- Why you should watch it: More mysteries in another seemingly quiet town. Those with a taste for paranormal thrillers should sample this Fox show before it potentially returns for a third season. Another draw to this show is that the creators of Stranger Things, the Duffer Brothers, wrote several episodes in season one.
- Check out Pop-Break’s interview with executive producer M. Night Shyamalan.
Hidden (written and directed by the Duffer Brothers)
- What it’s about: Following an apocalyptic event, a family must avoid the creatures outside of their shelter.
- Why you should watch it: Not only another supernatural thriller for all of you craving horror movies, Hidden is the first feature-length production created by the Duffer Brothers. Anyone interested in seeing how the twins got their start in the business should give this film a shot.
Firestarter (by Stephen King)
- What it’s about: A father and daughter with mysterious powers attempt to evade the secret government agency that gave them their abilities.
- Why you should read it: While Eleven’s powers may have been borrowed from Carrie, this novel inspired much of Eleven’s backstory. When Eleven’s aunt asks Hopper and Joyce if they’ve read any Stephen King, she is most definitely referring to this book. So if you’re hungry for more government experiments that cause superpowers, look no further.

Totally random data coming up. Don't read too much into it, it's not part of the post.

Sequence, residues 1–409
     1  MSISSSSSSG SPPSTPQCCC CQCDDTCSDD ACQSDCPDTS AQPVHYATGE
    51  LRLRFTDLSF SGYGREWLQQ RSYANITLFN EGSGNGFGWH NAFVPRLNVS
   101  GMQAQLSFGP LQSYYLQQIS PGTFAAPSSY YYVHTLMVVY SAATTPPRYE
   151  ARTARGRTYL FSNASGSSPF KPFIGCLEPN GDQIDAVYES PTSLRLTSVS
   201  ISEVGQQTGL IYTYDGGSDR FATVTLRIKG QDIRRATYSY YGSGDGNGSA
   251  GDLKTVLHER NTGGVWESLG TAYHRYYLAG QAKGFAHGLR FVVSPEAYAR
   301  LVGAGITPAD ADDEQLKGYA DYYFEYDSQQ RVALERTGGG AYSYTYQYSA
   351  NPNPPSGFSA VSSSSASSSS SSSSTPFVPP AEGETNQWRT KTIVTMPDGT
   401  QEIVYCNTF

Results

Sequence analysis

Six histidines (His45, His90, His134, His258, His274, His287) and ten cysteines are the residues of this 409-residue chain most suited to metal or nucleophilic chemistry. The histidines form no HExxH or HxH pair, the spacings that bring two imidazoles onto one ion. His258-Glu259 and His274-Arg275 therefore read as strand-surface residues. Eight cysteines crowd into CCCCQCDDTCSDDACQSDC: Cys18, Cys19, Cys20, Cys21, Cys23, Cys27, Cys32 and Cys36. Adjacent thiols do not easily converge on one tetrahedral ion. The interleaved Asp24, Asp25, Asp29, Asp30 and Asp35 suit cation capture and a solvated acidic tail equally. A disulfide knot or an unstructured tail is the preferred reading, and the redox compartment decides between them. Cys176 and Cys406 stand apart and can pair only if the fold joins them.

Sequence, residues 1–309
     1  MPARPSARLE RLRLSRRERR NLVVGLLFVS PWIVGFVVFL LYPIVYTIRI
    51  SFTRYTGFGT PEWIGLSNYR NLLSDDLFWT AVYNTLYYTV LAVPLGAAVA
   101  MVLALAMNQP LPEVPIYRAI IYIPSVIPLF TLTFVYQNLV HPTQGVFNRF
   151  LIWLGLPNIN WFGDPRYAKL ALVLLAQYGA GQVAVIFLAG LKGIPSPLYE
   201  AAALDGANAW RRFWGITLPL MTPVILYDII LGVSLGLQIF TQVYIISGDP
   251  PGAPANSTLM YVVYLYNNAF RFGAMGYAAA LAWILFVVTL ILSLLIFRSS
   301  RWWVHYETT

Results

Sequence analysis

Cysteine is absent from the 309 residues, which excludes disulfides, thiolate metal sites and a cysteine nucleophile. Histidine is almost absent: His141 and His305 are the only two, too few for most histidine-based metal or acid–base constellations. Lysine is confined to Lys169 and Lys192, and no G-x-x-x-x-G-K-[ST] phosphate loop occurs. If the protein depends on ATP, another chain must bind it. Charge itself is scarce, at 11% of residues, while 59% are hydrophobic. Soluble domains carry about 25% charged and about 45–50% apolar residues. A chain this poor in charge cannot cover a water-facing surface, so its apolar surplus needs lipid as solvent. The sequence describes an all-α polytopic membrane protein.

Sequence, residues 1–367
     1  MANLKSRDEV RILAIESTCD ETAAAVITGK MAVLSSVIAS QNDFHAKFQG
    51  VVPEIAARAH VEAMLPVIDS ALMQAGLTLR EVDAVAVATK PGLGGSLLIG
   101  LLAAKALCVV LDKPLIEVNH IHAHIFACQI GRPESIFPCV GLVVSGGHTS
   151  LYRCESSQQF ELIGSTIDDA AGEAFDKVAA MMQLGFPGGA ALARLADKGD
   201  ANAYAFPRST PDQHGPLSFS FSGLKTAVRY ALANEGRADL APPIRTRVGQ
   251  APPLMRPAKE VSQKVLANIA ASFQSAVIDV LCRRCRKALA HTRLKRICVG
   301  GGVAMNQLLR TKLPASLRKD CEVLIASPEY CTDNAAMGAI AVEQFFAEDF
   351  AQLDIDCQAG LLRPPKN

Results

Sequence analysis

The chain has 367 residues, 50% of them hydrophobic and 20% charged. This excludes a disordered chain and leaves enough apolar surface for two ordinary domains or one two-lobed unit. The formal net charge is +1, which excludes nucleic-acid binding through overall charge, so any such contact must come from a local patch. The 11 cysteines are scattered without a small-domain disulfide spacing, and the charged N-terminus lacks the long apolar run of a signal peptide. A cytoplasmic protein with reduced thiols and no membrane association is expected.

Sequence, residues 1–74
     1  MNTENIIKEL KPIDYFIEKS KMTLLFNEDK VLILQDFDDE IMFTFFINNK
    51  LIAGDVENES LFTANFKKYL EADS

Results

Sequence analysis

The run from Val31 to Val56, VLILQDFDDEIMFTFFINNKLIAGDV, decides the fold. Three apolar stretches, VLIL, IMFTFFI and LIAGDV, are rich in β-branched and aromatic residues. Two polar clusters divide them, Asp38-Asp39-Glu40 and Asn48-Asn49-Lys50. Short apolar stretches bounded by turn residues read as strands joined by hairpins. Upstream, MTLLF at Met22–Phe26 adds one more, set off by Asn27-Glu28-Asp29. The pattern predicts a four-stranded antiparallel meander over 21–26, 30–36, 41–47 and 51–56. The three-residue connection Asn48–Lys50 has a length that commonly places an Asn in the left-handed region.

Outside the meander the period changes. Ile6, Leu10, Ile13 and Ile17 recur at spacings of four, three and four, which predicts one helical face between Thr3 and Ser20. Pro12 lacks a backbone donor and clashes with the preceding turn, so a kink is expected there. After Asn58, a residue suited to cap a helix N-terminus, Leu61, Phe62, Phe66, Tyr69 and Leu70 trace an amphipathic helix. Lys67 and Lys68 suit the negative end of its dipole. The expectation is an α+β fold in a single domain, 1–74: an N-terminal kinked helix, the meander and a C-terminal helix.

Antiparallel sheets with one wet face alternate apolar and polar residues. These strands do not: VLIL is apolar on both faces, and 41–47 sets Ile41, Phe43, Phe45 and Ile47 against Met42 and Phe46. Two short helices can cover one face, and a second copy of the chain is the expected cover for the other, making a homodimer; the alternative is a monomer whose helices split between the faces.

Pretty in Pink (written by John Hughes)
- What it’s about: A girl from a working class family struggles to establish a relationship with a rich boy in her school.
- Why you should watch it: If you were a fan of the Steve-Nancy-Jonathan love triangle, this movie should whet your romantic appetite. Even for those of us that are Team Jonathan. If you want to see John Hughes in his prime (but have had your fill of The Breakfast Club), this is the cult classic for you.
Poltergeist (story by and cowritten by Steven Spielberg)
- What it’s about: A family must contend with the supernatural forces haunting their house as their daughter is abducted.
- Why you should watch it: Spielberg is not usually known as a master of a horror, but he certainly has delved into the genre multiple times as a producer. While he did not direct the movie, Poltergeist marks one of the filmmaker’s rare forays into screenwriting. That alone makes this horror classic a treat. Moreover, many of the haunted house elements from Stranger Things were likely inspired by this movie.
The Body (by Stephen King) / Stand By Me (directed by Rob Reiner)
- What it’s about: Four young friends search for the body of a missing boy but encounter trouble along the way.
- Why you should read/watch it: Anyone in need of a palette cleanser after so many horror stories should enjoy this novella and its film adaptation (enjoying its thirtieth anniversary this year). Stand By Me was so foundational in crafting the friendship between Will, Mike, Dustin, and Lucas that their actors read lines from the movie during their auditions. This coming-of-age classic should serve as a satisfying conclusion to your journey through the ’80s.